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People v. Madera

Supreme Court of New York, Fourth Department

February 8, 2013

THE PEOPLE OF THE STATE OF NEW YORK, RESPONDENT,
v.
ALEXIS MADERA, DEFENDANT-APPELLANT.

Appeal from a judgment of the Supreme Court, Monroe County (Daniel J. Doyle, J.), rendered January 10, 2011. The judgment convicted defendant, upon a jury verdict, of assault in the first degree and assault in the second degree.

DAVISON LAW OFFICE PLLC, CANANDAIGUA (MARY P. DAVISON OF COUNSEL), FOR DEFENDANT-APPELLANT.

SANDRA DOORLEY, DISTRICT ATTORNEY, ROCHESTER (MATTHEW DUNHAM OF COUNSEL), FOR RESPONDENT.

PRESENT: SCUDDER, P.J., CENTRA, CARNI, LINDLEY, AND SCONIERS, JJ.

It is hereby ORDERED that the judgment so appealed from is unanimously modified as a matter of discretion in the interest of justice and on the law by reducing the conviction of assault in the first degree under the first count of the indictment to attempted assault in the first degree (Penal Law §§ 110.00, 120.10 [1]) and vacating the sentence imposed on that count and as modified the judgment is affirmed, and the matter is remitted to Supreme Court, Monroe County, for sentencing on that conviction.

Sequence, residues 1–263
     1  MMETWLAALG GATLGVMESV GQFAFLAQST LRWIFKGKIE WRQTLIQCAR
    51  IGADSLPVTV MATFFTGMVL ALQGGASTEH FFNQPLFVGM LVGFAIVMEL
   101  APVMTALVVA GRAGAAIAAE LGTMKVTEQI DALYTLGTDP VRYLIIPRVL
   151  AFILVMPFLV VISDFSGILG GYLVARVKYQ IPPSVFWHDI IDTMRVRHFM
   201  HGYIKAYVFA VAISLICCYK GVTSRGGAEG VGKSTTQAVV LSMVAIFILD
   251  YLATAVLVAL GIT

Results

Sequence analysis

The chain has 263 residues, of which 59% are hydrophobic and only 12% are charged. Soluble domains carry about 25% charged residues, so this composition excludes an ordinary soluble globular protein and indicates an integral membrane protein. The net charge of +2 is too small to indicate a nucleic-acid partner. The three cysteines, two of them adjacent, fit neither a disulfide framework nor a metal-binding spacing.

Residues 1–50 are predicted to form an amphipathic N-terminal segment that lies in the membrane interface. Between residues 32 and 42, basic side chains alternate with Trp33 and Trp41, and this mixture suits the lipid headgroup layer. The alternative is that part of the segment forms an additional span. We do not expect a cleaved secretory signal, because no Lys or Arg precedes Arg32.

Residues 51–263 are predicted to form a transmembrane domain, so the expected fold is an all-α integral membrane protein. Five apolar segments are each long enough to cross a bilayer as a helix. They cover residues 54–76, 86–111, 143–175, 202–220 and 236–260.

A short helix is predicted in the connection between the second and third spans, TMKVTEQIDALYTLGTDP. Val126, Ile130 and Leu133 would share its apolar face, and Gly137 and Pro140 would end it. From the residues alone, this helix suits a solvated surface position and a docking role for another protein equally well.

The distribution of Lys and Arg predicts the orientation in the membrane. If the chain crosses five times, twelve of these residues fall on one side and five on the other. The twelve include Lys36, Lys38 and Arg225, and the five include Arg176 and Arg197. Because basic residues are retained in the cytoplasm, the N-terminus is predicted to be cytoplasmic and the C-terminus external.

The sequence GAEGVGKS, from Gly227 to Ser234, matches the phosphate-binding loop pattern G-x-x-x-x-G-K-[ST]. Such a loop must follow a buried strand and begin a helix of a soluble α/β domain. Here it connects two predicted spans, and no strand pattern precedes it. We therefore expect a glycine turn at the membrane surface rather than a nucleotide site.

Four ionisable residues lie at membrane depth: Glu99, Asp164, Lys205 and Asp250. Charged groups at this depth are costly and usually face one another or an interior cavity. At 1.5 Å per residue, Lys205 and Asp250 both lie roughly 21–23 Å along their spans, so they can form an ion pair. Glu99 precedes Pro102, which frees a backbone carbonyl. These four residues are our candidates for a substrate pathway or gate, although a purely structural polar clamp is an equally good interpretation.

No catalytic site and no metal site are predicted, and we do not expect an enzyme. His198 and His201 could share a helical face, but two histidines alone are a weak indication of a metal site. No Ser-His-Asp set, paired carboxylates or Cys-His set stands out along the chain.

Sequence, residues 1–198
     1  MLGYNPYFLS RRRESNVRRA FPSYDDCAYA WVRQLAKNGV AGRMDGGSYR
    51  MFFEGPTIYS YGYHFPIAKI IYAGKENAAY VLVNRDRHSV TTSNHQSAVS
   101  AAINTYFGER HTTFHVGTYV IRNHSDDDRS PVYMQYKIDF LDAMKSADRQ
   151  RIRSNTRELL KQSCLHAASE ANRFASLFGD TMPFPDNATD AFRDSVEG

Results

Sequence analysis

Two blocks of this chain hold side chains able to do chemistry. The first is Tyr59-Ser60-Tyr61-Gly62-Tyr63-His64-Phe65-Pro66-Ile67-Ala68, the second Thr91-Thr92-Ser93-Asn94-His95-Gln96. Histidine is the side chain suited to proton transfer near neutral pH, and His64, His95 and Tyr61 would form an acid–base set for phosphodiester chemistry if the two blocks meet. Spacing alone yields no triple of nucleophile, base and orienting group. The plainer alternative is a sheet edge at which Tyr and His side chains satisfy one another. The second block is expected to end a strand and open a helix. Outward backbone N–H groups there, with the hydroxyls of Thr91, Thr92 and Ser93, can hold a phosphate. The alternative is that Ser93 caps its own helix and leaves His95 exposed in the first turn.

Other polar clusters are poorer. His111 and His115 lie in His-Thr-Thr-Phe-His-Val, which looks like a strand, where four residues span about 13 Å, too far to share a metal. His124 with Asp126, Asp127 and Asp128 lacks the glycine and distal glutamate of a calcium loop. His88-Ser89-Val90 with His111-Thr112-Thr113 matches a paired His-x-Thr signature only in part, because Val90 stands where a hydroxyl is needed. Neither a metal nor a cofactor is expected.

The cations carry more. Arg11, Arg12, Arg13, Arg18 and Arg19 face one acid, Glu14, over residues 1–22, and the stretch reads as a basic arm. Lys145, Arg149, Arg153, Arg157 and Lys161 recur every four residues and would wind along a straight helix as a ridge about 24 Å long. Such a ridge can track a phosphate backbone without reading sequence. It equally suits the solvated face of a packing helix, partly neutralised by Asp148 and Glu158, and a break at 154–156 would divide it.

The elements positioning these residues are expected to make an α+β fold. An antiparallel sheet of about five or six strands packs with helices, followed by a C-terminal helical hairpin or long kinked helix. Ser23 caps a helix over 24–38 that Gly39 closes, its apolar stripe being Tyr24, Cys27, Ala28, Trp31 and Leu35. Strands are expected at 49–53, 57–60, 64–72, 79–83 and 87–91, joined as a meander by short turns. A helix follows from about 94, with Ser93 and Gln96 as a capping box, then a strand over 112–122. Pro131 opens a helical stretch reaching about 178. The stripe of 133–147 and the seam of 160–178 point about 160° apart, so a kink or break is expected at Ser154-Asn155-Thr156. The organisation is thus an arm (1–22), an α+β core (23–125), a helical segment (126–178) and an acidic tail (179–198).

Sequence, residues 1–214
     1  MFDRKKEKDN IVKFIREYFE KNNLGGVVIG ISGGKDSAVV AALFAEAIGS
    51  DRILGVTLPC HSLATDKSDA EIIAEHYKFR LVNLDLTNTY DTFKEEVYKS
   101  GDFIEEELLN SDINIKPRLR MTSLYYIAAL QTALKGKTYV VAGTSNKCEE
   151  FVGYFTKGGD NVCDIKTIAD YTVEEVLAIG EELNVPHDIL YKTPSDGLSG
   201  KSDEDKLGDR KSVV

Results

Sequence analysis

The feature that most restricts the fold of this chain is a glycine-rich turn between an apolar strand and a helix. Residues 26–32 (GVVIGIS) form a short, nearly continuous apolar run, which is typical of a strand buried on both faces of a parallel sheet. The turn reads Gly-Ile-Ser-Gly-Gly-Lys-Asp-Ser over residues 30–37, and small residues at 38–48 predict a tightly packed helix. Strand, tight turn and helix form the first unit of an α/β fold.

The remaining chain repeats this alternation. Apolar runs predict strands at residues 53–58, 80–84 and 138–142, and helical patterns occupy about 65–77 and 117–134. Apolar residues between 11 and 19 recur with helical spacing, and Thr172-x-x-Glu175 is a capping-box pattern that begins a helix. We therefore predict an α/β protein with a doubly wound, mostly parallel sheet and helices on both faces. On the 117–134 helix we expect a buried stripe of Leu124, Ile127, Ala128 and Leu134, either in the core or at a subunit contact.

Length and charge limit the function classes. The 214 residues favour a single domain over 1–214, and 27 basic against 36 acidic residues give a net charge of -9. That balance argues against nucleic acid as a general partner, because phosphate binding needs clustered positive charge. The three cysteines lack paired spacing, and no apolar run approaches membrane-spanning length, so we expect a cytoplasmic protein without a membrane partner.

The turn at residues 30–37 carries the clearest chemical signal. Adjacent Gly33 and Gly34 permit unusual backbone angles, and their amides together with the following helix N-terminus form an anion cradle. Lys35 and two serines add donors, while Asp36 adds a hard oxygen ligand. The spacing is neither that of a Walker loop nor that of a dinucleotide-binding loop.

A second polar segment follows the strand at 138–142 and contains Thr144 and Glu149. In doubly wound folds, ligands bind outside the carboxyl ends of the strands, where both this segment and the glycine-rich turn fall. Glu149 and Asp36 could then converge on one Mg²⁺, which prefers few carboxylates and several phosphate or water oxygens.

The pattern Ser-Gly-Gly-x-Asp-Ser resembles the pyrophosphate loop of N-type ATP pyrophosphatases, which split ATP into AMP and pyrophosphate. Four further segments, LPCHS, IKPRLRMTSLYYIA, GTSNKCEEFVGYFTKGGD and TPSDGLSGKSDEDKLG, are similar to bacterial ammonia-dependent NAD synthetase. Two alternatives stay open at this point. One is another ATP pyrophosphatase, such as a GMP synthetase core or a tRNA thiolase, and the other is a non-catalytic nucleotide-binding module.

Memorandum: On appeal from a judgment convicting him following a jury trial of assault in the first degree (Penal Law § 120.10 [1]) and assault in the second degree (§ 120.05 [2]), defendant contends that the evidence of serious physical injury is legally insufficient to support the conviction of assault in the first degree. Although defendant failed to preserve that contention for our review (see People v Gray, 86 N.Y.2d 10, 19), we nevertheless exercise our power to address that contention as a matter of discretion in the interest of justice (see CPL 470.15 [6] [a]). A person is guilty of assault in the first degree when, inter alia, he or she, with intent to cause serious physical injury to another person, causes such injury to that person or to another person by means of a deadly weapon or a dangerous instrument (Penal Law § 120.10 [1]). We agree with defendant that the evidence is legally insufficient to establish the element of serious physical injury (see generally People v Bleakley, 69 N.Y.2d 490, 495). Serious physical injury, as defined in the Penal Law, "means physical injury which creates a substantial risk of death, or which causes death or serious and protracted disfigurement, protracted impairment of health or protracted loss or impairment of the function of any bodily organ" (§ 10.00 [10]). The People correctly concede that there was no evidence that the victim sustained serious and protracted disfigurement, protracted impairment of health or protracted loss or impairment of the function of any bodily organ. They contend, however, that the victim's injuries created a substantial risk of death (see id.). We reject that contention.